Panhard et Levassor sold their first automobile in 1890, based on a Daimler engine license. Levassor obtained his licence from Paris lawyer Edouard Sarazin, a friend and representative of Gottlieb Daimler's interests in France. Following Sarazin's 1887 death, Daimler commissioned Sarazin's widow Louise to carry on her late husband's agency. The Panhard et Levassor license was finalised by Louise, who married Levassor in 1890. Daimler and Levassor became fast friends, and shared improvements with one another.
These first vehicles set many modern standards, but each was a one-off design. They used a clutch pedal to operate a chain-driven gearbox. The vehicle also featured a front-mounted radiator. An 1895 Panhard et Levassor is credited with the first modern transmission. For the 1894 Paris–Rouen Rally, Alfred Vacheron equipped his 4 horsepower (3.0 kW; 4.1 PS) with a steering wheel, believed to be one of the earliest employments of the principle.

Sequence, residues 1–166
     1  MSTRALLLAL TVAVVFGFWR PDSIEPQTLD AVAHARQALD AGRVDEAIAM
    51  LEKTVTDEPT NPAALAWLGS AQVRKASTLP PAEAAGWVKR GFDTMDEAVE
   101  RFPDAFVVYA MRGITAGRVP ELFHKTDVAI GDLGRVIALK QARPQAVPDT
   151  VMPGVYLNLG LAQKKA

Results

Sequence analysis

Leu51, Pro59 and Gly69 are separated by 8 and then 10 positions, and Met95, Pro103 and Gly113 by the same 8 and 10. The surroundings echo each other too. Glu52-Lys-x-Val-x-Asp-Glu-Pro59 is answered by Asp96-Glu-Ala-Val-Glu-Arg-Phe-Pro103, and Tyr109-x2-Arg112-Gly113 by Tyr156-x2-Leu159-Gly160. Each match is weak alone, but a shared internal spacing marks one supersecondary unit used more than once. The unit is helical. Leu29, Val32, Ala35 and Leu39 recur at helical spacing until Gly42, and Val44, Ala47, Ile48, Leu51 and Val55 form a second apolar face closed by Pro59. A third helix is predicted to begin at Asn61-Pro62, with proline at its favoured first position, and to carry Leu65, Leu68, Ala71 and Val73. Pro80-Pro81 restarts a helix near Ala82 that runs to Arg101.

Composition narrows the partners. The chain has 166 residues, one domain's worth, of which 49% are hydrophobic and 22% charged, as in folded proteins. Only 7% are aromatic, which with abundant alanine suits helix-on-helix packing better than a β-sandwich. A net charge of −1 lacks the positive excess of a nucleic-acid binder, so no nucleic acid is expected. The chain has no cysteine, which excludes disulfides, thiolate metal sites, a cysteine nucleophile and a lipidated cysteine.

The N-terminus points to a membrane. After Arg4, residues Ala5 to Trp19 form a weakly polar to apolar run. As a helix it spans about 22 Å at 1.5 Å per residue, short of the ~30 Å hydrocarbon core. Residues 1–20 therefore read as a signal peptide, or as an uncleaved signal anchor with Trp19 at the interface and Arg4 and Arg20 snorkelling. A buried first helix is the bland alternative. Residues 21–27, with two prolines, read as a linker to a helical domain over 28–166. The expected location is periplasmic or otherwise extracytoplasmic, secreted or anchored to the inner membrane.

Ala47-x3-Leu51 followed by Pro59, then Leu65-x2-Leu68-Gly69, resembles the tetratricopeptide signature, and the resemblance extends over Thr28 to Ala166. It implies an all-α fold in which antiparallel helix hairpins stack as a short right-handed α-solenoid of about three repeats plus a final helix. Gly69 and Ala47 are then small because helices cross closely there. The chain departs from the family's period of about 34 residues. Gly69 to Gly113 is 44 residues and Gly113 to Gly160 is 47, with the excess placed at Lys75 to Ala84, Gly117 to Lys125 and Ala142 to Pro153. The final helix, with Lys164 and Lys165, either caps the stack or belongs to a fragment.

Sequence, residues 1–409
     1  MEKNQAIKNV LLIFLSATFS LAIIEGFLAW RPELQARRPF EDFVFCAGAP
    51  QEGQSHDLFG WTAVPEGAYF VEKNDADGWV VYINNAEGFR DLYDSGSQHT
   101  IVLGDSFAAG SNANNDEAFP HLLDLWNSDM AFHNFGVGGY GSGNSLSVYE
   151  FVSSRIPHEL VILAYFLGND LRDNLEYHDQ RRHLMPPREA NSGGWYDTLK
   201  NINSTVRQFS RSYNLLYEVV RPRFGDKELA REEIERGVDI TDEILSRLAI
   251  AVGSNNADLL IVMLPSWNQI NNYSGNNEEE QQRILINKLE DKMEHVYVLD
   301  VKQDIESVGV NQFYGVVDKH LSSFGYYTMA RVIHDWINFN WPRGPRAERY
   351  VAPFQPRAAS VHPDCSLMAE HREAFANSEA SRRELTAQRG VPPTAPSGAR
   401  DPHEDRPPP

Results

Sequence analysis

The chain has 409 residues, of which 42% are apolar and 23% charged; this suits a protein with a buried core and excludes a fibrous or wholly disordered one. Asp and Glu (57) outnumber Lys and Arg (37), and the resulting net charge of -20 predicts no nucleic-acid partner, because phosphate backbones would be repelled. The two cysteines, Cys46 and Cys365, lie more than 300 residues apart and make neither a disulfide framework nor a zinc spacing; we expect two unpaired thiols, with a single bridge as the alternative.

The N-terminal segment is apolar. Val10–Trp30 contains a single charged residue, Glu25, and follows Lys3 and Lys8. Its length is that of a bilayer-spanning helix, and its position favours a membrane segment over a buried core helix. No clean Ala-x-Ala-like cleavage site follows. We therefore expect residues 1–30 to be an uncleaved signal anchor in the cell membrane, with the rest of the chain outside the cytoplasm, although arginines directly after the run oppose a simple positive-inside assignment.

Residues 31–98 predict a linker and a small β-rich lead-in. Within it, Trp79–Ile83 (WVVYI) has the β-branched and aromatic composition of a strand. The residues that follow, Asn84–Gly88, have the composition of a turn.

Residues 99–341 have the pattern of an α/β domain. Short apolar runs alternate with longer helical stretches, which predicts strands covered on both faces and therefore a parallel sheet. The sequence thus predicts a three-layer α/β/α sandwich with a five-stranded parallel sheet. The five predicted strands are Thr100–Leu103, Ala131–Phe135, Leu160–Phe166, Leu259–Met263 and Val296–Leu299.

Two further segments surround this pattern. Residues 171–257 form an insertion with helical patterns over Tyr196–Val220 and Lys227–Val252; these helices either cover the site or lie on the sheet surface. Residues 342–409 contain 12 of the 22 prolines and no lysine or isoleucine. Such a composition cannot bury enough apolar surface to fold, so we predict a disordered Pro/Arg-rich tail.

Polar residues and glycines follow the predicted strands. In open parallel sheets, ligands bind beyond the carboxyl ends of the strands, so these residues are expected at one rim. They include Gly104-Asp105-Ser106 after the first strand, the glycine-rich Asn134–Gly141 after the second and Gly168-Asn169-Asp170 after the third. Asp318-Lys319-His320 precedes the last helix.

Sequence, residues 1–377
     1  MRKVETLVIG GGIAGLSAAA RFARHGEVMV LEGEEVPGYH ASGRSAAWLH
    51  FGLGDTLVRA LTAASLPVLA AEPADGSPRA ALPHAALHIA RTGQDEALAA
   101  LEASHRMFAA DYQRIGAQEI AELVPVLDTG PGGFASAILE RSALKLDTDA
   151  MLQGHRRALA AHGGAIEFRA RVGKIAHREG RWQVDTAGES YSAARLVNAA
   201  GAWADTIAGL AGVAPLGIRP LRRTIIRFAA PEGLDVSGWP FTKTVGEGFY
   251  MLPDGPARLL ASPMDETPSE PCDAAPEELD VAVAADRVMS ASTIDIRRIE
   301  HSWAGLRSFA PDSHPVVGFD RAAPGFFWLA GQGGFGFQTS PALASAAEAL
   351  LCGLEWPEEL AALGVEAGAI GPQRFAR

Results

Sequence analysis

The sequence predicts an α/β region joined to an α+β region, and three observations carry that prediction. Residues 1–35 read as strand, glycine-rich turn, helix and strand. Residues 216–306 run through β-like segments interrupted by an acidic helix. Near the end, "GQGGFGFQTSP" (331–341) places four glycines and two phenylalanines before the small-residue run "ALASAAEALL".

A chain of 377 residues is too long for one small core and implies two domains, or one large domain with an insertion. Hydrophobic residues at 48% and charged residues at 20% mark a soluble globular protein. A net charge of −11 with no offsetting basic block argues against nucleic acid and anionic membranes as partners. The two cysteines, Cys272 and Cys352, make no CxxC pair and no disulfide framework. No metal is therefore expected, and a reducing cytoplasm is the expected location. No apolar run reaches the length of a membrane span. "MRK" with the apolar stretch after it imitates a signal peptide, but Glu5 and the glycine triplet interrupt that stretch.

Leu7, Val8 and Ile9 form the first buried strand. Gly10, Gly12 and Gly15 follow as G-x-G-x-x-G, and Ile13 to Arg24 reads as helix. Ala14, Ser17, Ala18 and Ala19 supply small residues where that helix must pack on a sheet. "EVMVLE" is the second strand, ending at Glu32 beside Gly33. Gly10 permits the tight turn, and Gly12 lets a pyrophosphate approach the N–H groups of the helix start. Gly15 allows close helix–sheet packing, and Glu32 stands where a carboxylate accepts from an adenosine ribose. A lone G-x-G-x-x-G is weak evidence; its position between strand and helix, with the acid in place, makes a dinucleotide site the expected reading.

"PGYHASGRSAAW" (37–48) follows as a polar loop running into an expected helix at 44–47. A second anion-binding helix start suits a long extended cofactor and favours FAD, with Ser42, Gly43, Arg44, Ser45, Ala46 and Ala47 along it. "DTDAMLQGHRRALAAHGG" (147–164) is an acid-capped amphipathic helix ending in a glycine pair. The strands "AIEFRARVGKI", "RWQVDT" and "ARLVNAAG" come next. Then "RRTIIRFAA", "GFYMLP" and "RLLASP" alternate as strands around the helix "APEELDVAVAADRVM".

In 1891, the company built its first all-Levassor design, a "state of the art" model: the Système Panhard consisted of four wheels, a front-mounted engine with rear wheel drive, and a crude sliding-gear transmission, sold at 3500 francs. (It would remain the standard until Cadillac introduced synchromesh in 1928.) This was to become the standard layout for automobiles for most of the next century. The same year, Panhard et Levassor shared their Daimler engine license with bicycle maker Armand Peugeot, who formed his own car company. In 1895, 1,205 cc (74 cu in) Panhard et Levassor vehicles finished first and second in the Paris–Bordeaux–Paris race, one piloted solo by Levassor, for 48¾hr. However, during the 1896 Paris–Marseille–Paris race, Levassor was fatally injured due to a crash while trying to avoid hitting a dog, and died in Paris the following year. Arthur Krebs succeeded Levassor as General Manager in 1897, and held the job until 1916.